(2) A number of topics for "summary and response papers" will be listed for each of the fourteen (14) units covered in the course. Altogether, you will complete four (4) of these papers. These assignments are "spaced" throughout the semester. The 14 course "units" are grouped in four "blocks" - (1) units 1 through 3, (2) units 4 through 6, (3) units 7 through 10 and (4) units 11 through 14. You are required to complete and submit ONE summary-response paper from EACH of the four unit blocks. That is to say, you will choose one assignment drawn from either unit 1, 2 OR 3, a second assignment drawn from either unit 4, 5, OR 6, a third assignment drawn from either unit 7, 8, 9, OR 10, and your last, fourth assignment drawn from either unit 11, 12, 13, OR 14. Here, you will directly apply concepts and theories that have been covered in the assigned readings and/or other materials to your social life and/or contemporary events. Each paper will require roughly three-to-three-and-one-half pages (750 - 1,000 words) and will be submitted in Canvas. Click on "Assignments" located in the left hand panel on the course page. Next, click on the appropriate Unit - you will see a Turnitin Assignment Inbox where you will submit/upload your paper. Options can be accessed from the course calendar. These four assignments, combined, will count for 50% of your final grade.
(3) For your final exam, you will submit one larger take-home essay question, also via the Assignment Depot on Blackboard. It has been posted on the class calendar. This will count for 25% of your final grade.
(4) You are encouraged to participate in various on-line "discussions/debates" that will accompany each unit.These will take place on the "Discussions" section on Canvas. Your participation is NOT mandatory - no specified percentage of your grade depends upon it. However, as described more fully in the course orientation, bonus points in will be awarded to students who play an active role in these online discussions. For each unit, you will be given a number of topics that are relevant to the materials covered.
Ten (out of fourteen) Quizzes = 25% Four (out of fourteen) Summary-Response writing assignments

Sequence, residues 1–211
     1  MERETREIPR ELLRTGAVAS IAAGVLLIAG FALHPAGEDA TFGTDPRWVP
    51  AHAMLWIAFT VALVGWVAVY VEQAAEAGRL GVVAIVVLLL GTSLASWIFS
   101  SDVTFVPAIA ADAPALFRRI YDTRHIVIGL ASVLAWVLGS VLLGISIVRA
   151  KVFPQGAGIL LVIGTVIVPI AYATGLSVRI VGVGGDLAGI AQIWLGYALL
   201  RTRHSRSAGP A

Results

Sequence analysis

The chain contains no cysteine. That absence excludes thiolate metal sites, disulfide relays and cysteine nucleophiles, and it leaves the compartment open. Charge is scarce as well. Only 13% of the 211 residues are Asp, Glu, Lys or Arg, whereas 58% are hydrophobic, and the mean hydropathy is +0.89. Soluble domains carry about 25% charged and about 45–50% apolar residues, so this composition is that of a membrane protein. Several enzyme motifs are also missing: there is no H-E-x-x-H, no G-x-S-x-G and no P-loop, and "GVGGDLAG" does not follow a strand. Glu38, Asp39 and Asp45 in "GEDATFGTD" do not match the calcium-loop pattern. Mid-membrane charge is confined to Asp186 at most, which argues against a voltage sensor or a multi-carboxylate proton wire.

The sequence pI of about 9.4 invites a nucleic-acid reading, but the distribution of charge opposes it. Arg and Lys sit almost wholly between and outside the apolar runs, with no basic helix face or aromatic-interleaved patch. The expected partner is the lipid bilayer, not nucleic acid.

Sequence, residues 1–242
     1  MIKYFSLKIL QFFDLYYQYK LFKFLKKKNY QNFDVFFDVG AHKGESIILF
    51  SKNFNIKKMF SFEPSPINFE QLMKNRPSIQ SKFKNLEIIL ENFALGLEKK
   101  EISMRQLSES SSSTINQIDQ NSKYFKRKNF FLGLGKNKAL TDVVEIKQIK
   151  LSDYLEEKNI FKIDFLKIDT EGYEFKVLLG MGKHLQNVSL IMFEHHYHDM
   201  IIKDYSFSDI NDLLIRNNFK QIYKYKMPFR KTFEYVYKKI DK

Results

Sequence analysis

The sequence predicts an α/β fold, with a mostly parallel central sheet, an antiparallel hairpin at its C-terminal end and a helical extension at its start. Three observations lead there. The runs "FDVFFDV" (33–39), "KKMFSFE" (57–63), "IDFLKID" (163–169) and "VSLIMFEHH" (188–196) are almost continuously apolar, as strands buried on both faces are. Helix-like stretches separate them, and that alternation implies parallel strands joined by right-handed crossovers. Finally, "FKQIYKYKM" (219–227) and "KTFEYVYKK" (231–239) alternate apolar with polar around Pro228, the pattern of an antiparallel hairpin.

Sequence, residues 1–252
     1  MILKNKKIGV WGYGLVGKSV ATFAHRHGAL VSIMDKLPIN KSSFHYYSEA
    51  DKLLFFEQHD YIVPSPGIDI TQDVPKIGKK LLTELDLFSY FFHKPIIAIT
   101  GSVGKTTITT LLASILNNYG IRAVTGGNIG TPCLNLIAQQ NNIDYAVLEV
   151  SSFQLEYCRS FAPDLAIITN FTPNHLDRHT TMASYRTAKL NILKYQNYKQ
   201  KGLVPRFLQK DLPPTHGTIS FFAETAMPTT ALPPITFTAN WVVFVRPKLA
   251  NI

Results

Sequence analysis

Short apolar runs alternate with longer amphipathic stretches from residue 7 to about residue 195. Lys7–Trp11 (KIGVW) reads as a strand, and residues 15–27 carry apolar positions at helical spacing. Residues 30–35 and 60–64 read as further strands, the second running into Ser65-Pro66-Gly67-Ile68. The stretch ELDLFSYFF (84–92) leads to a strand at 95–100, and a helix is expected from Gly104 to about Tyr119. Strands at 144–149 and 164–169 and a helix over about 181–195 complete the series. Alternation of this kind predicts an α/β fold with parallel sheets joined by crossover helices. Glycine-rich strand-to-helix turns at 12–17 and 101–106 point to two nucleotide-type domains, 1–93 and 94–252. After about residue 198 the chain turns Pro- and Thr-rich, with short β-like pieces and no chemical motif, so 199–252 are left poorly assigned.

Final Take-Home Essay = 25% Web discussions = Bonus Points
==> The last day to withdraw and receive the grade of "W" is Friday, October 20, 2017
(1) Please refer to your Student Handbook for the complete student code of conduct.
(2) Scholastic dishonesty includes cheating, plagiarism, and/or collusion. Students caught doing so will receive a zero for that assignment or exam and be referred to the Dean of Students. See the College Policy listed below.
(3) Late papers will not be accepted.
(4) Above all, students—and the Professor—will conduct themselves in a civil manner and treat all others and their ideas with respect.
Every member of the Collin College community is expected to maintain the highest standards of academic integrity. Collin College may initiate disciplinary proceedings against a student accused of scholastic dishonesty. Scholastic dishonesty includes, but is not limited to, statements, acts, or omissions related to applications for enrollment or the award of a degree, and/or the submission of one’s own work material that is not one’s own. Scholastic dishonesty may involve, but is not limited to, one or more of the following acts: cheating, plagiarism, collusion, use of annotated texts or teacher’s editions, use of information about exams posted on the Internet or electronic medium, and/or falsifying academic records. While specific examples are listed below, this is not an exhaustive list and scholastic dishonesty may encompass other conduct, including any conduct through electronic or computerized means:
Plagiarism is the use of an author's words or ideas as if they were one's own without giving credit to the source, including, but not limited to, failure to acknowledge a direct quotation.
Cheating is the willful giving or receiving of information in an unauthorized manner during an examination, illicitly obtaining examination questions in advance, copying computer or Internet files, using someone else's work for assignments as if it were one's own, or any other dishonest means of attempting to fulfill the requirements of a course.
Collusion is intentionally aiding or attempting to aid another in an act of scholastic dishonesty, including but not limited to providing a paper or project to another student, providing an inappropriate level of assistance; communicating answers to a classmate during an examination; removing tests or answer sheets from a test site, and allowing a classmate to copy answers.
See the current Collin Student Handbook for additional information.
==> Academic dishonesty will likely result in a “zero” grade on the particular assignment or test. A second offence will be referred to the Dean of Students.
Student technical support is now provided 24/7 for students at (972) 377-1777 or at the eCollin Learning Center
Collin College Course Enrollment Policy:
You may repeat these courses at the regular tuition level only once after receiving a grade, including W. An increased tuition level will go into effect if the course is taken a third time.
Americans with Disabilities Act Compliance:
It is the policy of Collin County Community college to provide reasonable accommodations for qualified individuals wh are students with disabilities. The college will adhere to all applicable Federal, State, and locl laws, regulations and guidelines with respect to providing reasonable accommodations as required to afford equal educational opportunity. It is the student's responsibility to contact the faculty member and the ACCESS Office (G-200) or 881–5898, (TDD-881-5950) in a timely manner if he/she desires to arrange for accommodations.